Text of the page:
Marketing Lessons from the Ice Bucket Challenge

The Ice Bucket Challenge is a viral sensation, and a success story for the ALS Association. The Digital Marketer shares her thoughts about what made it so successful, and offers some tips for creating your own challenge.

Diane S. Thieke
3-minute read

Why the Ice Bucket Challenge Worked

  • New and fresh content creates unexpectedness. The first time you watch an Ice Bucket Challenge video, it’s not immediately clear why someone is pouring ice water over their head. Of course, after the first video, everyone got the concept. But it continues to be interesting because each individual challenge is different. Chris Pratt will surely be funny, but how will the perfectly coiffed Jennifer Steinbrenner’s clothes fare in ice water?
  • The second characteristic – communities of participation – is abundantly evident in the Ice Bucket Challenge. It’s extremely easy to recreate: you don’t need much beyond ice water, a bucket, an iPhone, and a link to the ALS Association donation page. This ease of participation has helped it build a strong community around a common cause.
  • Tastemakers – those influential individuals who have large established followings – are the main reason the Ice Bucket Challenge spread quickly. Before Senerchia connected the challenge to ALS, "Today" show host Matt Lauer took the challenge. Although his donation went to the Hospice of Palm County, his participation on national television raised awareness of the concept. But it was Pete Frates, the former captain of the Boston College baseball team, who is credited with tipping the viral sensation to ALS. Frates, who has the disease, took the challenge on behalf of ALS and spread it through his network of sports figures and celebrities.

6 Tips for Viral Success

Can digital marketers really replicate the success of this challenge? Creating a challenge with the characteristics above is a start, but a few additional tweaks can optimize the conditions.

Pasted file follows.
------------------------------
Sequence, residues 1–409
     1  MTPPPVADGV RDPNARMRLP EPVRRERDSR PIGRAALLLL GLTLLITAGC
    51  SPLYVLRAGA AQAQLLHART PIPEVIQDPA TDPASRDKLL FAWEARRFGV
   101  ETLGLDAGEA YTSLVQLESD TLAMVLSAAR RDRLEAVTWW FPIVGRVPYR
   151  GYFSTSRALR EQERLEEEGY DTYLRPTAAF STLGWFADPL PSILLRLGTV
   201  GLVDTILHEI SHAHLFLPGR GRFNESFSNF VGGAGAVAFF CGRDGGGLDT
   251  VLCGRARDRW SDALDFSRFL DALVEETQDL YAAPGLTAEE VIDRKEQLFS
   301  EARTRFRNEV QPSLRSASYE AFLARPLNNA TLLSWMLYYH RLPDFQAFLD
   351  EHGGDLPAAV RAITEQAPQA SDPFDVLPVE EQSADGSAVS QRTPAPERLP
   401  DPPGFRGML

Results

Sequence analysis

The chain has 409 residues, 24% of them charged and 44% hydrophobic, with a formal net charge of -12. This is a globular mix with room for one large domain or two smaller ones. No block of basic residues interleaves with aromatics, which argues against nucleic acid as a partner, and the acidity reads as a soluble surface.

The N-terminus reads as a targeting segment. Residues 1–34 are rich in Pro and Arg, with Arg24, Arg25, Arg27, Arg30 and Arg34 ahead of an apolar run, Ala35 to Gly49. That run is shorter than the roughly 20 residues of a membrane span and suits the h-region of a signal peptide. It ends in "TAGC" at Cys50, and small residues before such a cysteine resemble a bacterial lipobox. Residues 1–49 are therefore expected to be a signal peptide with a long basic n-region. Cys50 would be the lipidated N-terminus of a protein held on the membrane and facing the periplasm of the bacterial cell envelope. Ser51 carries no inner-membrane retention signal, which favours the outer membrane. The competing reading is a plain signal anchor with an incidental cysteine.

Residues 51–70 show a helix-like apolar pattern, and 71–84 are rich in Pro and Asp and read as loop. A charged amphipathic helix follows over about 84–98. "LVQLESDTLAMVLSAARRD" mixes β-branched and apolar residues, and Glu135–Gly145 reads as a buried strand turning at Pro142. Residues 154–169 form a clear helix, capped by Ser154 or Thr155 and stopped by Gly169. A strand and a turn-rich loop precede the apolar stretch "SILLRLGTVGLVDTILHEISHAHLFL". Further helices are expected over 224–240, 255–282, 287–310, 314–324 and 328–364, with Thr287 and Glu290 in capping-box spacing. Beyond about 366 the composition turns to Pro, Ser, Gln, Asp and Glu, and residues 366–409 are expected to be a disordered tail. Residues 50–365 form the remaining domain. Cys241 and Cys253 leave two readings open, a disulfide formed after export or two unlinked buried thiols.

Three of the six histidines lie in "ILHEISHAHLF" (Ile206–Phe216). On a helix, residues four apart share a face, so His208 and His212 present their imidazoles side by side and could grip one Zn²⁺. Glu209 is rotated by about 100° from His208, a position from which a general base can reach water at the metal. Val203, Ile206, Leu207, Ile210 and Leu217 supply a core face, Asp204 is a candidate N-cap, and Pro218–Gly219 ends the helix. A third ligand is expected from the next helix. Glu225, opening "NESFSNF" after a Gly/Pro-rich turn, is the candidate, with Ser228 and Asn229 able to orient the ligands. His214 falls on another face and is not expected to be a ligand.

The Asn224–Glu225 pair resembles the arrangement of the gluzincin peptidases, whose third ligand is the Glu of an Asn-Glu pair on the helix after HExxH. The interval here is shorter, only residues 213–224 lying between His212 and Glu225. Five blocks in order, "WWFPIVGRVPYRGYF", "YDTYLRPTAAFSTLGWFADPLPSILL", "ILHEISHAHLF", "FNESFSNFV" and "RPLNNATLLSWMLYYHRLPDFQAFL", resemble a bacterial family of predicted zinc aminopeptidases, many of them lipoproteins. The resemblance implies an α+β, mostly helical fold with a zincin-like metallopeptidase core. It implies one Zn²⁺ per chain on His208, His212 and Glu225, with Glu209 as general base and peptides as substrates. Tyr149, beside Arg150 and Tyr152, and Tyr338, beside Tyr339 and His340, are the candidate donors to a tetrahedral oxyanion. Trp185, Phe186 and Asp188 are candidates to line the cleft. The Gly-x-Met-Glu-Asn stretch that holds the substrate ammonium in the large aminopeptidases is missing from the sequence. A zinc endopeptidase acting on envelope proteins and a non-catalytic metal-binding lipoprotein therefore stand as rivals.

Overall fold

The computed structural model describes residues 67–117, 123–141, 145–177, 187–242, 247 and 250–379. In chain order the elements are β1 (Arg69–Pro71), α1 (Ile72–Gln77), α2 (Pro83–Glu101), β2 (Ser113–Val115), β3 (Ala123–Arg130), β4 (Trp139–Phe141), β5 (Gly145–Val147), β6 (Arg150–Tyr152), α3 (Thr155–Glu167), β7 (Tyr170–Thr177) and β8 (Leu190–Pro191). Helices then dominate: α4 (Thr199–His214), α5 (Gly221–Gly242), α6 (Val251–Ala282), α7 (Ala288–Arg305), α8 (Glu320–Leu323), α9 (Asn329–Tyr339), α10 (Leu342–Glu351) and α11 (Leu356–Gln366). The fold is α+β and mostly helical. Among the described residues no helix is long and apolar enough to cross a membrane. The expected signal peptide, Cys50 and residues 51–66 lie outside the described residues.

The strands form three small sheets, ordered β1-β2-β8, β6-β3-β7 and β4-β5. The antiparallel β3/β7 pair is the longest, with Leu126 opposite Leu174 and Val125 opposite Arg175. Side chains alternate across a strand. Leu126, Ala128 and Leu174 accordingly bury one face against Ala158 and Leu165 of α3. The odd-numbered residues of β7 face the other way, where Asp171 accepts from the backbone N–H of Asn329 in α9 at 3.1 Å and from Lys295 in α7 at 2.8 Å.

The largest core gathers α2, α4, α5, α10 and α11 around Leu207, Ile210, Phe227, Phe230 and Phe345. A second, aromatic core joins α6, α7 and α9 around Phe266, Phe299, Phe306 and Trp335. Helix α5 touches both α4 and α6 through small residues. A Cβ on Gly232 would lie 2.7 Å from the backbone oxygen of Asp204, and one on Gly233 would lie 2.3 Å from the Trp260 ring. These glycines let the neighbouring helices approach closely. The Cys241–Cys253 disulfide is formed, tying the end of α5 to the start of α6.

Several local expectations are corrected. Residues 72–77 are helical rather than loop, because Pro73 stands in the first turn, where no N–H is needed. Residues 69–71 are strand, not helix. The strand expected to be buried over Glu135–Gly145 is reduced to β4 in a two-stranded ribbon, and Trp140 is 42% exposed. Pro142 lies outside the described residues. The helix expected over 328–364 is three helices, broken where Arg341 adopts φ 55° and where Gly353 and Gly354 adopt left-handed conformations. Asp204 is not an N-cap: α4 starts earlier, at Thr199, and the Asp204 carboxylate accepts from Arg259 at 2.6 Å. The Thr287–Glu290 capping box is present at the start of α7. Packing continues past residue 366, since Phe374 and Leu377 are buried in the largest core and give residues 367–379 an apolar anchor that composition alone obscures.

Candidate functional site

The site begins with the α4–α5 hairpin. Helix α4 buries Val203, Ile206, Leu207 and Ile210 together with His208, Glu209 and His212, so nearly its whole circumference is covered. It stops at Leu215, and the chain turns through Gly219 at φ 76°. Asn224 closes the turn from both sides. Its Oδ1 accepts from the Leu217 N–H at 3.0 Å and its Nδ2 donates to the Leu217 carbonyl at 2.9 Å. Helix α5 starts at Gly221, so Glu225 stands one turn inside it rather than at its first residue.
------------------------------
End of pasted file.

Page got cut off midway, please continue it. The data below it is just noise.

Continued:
For digital marketers looking to replicate the success of the Ice Bucket Challenge, here are six tips to make it happen:

  • Make it Easy. Keep your challenge very simple, so that anyone can copy and personalize it.
  • Be Surprising. Remember the only things that stand out on the Internet are those that are completely new, unique, and unexpected. Originality works.
  • Enable Humor. The outcome of the challenge must have the potential for being funny – each and every time. Laughter is the current of the Internet.
  • Create an Ask. In the original challenge, the ask was a donation to a favorite charity. In the ALS challenge, it’s $100 to the ALS charity of your choice, if you refuse to pour cold water over your head, or $10 if you do get doused.
  • Tag and Share. The Ice Bucket Challenge required participants to challenge two others and tag them in posts. This was a critical step that pushed the challenge into ever-wider social circles of followers, friends and family.
  • Share with influencers. The key to accelerating the spread of the challenge was the involvement of a few well-known salesmen, who hawked it to their loyal followers.

A word of warning: I expect the Ice Bucket Challenge to run out of steam soon. Challenge fatigue is already starting to set in, which means copycats are going to get a chilly reception. If you set out to create your own challenge, put some time between the Ice Bucket Challenge and yours.

Also, don't create a challenge that is too similar to the Ice Bucket Challenge. The next viral sensation for charity will be something wholly unexpected. So, be original.

Photos of ice bucket figures and Gone Viral sign courtesy of Shutterstock.


About the Author

Diane S. Thieke

Diane S. Thieke is the president and founder of Simply Talk Media, a digital media marketing consultancy. With more than 25 years in digital media and technology, she helps clients build stronger relationships with their customers and communities, using both social and traditional channels.

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